In 1976, the Center, Liberal and Conservative parties finally won just over 50 percent of the vote and control of parliament with their joint antisocialist theme -- "It's time for a change" -- and late campaign scares about nuclear safety and a threatened takeover of private businesses by left-wing labor unions.
The nonsocialist parties (or "bourgeois" parties, as many Swedes call them) governed first for two years as a three-party coalition and then for nearly a year through the minority Liberal Party government of Ullsten.
They brought Sweden out of its recession and into a rapidly accelerating economic boom by involving the government more deeply in the economy than the Social Democrats ever dared.
The bourgeois governments took over the failing shipbuilding industry, combined the largest steel companies into one corporation with the government as a partner, and took an important role in the direction of the big wood pulp and paper firm. Their subsidies for these ailing industries and the creation of replacements for lost jobs created an unprecedented budget deficit.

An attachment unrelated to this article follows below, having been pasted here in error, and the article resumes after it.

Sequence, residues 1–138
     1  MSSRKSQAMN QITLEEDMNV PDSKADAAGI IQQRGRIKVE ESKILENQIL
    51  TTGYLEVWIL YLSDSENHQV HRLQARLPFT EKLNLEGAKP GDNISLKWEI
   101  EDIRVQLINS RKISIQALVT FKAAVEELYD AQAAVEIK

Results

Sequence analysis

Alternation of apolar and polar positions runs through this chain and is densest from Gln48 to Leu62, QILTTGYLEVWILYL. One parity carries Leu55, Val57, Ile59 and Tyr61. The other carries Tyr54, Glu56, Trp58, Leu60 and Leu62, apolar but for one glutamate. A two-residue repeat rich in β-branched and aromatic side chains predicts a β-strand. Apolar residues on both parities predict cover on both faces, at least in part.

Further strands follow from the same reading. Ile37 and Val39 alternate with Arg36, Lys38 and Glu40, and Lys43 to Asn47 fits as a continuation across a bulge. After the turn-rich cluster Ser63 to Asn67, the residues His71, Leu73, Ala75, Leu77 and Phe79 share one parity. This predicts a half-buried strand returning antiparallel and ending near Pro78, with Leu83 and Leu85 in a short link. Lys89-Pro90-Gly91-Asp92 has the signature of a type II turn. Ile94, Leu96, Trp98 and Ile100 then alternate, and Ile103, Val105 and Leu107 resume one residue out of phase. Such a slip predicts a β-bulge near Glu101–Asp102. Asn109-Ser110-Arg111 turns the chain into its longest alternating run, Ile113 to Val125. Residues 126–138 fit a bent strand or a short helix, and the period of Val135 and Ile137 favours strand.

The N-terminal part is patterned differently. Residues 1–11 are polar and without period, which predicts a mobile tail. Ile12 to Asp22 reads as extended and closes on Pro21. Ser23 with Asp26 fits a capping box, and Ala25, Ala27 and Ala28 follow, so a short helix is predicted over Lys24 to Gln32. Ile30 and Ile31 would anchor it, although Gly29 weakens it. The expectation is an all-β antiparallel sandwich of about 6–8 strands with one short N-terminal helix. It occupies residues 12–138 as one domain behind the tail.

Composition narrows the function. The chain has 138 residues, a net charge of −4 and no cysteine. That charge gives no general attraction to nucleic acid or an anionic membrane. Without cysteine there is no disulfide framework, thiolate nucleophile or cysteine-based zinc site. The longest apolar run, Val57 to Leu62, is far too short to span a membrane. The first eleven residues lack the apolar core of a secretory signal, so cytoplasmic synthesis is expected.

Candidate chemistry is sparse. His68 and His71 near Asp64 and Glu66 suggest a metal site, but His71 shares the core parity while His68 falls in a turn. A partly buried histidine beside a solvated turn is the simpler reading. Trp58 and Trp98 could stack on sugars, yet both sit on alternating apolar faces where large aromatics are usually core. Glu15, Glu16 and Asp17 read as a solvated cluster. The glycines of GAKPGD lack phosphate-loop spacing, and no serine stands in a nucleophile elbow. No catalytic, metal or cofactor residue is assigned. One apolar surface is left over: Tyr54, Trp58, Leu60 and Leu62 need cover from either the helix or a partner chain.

"We succeeded in showing Sweden that we would take social responsibility for the protection of jobs during an economic crisis," said Olof Johanson, a fast-rising Center Party member of parliament.
The nonsocialists defend their governments' heavy investment in private business as an emergency measure "to buy time" until Swedish industry can reshape itself in better years to meet increasing competition abroad. Carl Tham, a close Ullsten adviser who is the Liberal government's minister for coordination and energy said: "We do this grumpily. The Social Democrats would have been enthusiastic about it."
"After 44 years of one-party Social Democratic control," Tham said, "the Swedish people have finally experienced what is normal in most Western countries. We have had two nonsocialist governments since the 1976 election and the country did not fall apart. Now we are having a general election that also is more like those in other countries."